You have a number of great jelly and jam recipes and expertise in consistently cooking and canning them. You can turn your home canning into a food product business, but you will need to develop a complete understanding of your state's health and liability laws, as well as a feel for marketing techniques and accounting practices. Approach your new venture from the perspective of a businessperson, not a hobbyist.
- Skill level:
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Things you need
- Range of unique products
- Commercial kitchen and equipment
- Specific information on health laws for your state
- Documents for registering your business and paying state and federal taxes
- Business insurance
- Accounting program or accountant
- Commercial contacts
Take a small business course specific to your state. State health regulations can be quite extensive for food products. Take advantage of small business organisations in your locality that offer counselling and mentoring services. Talk to county and city officials about zoning regulations that might affect what work you can do out of your home. Complete any health department coursework required of food preparation workers in your county.
Find or designate a commercial kitchen. States normally require anyone selling food processed in any way, including food that is washed or packaged before sale, to be prepared in a kitchen that is used only for commercial food preparation. Most home canning businesses will find this requirement burdensome, so many communities have built kitchens within business incubators. Rent space and time in one of those kitchens to prepare your product. If a community kitchen is not available, consider talking to existing businesses with conforming kitchens. A restaurant open only for breakfast might be willing to sell you use of their kitchen in the afternoon.
Register your business. Small businesses often register as a limited liability corporation (LLC) for liability purposes, but you may also continue your work as a sole proprietor or partnership. Research your trademark name to make sure you don't infringe on a previous trademark or confuse customers about your brand. Contact your state department of revenue to get a license to collect your state sales tax, if applicable, and paperwork for doing so. States often allow food products to be sold without tax; verify if your product qualifies for this exemption.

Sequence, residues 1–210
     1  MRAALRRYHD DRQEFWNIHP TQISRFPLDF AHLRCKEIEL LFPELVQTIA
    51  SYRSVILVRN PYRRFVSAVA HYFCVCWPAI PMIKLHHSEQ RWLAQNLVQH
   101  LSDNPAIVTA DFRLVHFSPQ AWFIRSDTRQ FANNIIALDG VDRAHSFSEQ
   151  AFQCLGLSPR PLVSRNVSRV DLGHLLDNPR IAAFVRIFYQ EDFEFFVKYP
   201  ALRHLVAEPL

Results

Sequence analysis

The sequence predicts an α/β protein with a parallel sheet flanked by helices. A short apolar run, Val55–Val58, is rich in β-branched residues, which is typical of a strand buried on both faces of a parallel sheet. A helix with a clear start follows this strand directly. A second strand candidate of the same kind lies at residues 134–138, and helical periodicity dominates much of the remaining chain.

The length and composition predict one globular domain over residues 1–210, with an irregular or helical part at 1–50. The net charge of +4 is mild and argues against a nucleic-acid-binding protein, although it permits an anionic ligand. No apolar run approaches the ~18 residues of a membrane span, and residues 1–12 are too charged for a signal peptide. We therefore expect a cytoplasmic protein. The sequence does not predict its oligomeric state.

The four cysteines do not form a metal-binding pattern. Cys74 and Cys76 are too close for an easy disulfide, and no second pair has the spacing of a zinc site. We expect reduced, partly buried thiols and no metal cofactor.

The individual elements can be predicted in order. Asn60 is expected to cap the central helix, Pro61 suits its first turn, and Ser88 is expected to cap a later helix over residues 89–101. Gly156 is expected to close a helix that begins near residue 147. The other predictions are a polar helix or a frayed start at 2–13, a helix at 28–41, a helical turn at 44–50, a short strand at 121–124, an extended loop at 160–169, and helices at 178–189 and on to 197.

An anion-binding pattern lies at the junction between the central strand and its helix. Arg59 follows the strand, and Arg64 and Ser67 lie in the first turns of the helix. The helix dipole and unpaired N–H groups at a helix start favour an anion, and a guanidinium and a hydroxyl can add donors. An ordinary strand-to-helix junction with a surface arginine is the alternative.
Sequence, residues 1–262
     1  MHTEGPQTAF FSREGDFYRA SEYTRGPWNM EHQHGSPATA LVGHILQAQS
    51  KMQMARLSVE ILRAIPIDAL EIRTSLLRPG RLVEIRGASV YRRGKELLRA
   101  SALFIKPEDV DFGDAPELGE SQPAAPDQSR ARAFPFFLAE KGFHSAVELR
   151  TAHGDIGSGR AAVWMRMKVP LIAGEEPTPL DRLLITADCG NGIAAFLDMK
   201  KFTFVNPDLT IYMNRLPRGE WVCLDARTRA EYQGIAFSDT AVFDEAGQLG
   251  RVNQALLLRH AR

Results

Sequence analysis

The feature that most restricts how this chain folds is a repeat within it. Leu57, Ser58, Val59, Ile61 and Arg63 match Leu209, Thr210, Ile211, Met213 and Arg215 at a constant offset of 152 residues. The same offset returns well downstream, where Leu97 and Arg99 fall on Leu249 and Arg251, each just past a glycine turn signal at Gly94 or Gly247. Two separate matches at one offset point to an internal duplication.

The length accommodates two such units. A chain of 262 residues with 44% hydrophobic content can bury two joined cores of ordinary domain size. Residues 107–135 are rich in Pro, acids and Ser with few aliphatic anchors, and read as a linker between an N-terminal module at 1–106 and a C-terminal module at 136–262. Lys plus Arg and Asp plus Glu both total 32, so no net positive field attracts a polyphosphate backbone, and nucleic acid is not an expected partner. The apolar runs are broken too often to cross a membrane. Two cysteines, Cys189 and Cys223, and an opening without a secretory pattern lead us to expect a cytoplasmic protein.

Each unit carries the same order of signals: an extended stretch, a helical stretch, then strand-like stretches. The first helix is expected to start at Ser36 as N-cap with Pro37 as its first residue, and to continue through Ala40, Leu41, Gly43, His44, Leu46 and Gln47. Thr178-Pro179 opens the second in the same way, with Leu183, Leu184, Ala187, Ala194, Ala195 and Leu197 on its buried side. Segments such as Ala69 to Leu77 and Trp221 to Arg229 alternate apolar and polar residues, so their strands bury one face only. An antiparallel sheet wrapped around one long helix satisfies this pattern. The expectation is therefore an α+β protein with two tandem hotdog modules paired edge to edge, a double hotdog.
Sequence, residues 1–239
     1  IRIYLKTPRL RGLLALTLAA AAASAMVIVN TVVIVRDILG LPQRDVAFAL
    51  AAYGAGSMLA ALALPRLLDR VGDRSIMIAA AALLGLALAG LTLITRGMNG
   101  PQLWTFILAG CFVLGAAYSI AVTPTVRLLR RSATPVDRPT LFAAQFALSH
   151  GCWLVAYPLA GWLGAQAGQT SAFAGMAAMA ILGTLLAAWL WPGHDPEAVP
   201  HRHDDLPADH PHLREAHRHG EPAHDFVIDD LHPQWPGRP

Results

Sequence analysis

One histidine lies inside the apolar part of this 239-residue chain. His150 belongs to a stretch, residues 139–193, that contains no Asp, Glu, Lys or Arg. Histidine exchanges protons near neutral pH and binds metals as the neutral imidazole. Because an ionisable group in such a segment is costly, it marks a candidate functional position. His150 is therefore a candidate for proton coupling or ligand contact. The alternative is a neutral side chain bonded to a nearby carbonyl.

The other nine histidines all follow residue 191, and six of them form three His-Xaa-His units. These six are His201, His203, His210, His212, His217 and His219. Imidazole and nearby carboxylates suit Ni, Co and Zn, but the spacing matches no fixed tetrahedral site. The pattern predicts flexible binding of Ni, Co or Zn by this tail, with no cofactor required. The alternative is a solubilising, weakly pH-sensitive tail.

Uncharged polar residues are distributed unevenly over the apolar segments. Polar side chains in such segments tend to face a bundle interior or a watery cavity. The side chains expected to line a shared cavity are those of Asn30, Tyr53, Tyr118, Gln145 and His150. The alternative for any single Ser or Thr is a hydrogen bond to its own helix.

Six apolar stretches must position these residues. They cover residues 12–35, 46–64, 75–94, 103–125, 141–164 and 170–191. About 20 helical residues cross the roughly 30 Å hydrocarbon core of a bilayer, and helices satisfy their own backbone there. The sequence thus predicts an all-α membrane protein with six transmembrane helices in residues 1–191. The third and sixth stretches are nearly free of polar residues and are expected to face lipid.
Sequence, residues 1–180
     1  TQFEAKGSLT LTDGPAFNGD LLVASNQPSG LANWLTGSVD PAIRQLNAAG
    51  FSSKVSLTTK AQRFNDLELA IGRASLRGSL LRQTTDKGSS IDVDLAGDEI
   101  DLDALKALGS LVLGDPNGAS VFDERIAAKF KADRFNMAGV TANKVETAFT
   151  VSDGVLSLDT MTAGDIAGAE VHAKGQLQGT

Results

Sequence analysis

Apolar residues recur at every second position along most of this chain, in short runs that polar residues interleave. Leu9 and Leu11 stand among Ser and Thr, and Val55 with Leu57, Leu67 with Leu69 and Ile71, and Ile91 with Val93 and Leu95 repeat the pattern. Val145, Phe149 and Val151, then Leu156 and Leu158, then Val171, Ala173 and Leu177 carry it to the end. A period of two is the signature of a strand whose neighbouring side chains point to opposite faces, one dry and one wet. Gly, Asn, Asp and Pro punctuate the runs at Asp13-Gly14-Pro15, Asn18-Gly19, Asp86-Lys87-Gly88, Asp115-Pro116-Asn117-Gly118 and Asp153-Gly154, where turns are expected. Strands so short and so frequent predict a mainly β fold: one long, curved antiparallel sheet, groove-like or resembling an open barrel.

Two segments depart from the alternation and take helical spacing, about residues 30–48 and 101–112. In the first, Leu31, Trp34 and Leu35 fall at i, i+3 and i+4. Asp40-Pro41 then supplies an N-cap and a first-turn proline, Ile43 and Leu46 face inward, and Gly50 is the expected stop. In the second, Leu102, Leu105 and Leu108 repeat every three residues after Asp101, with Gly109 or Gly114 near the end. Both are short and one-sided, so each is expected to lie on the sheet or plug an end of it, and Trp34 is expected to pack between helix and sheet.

Purchase business insurance. Check first with your own insurance company to see if it has a commercial branch. Your agent can advise you on the types of insurance you will need, and the degree of liability you need to protect yourself against.
Decide what accounting procedures you want to follow. If your business is limited, business accounting software may be sufficient for good record-keeping. Beyond that, consider taking accounting classes or hiring a book-keeper. Remember that you will have to pay state and federal income tax on any revenue you personally draw from your business. Make sure your books are detailed and accurate enough that you can provide numbers to the IRS. Your accounts will also tell you if you are making sufficient funds to withhold some income during the course of the business year.
Complete a business plan and compose a marketing strategy for selling your jellies. Know your goals and the steps you will take to achieve them. Have a good grasp of how you are going to distribute your product. Make contacts with local farmer's market managers, small food retail stores and any local businesses that can benefit from carrying your products. Read books such as Jay Conrad Levinson's "Guerilla Marketing" and Seth Godin's "Tribes". Consider the use of Internet social networking in promoting sales.
Tips and warnings
- If your business has two employees who spend significant time at work and draw hourly income, you may qualify for purchasing a group health insurance plan. Talk to your insurance company about possibilities while signing up for liability insurance.
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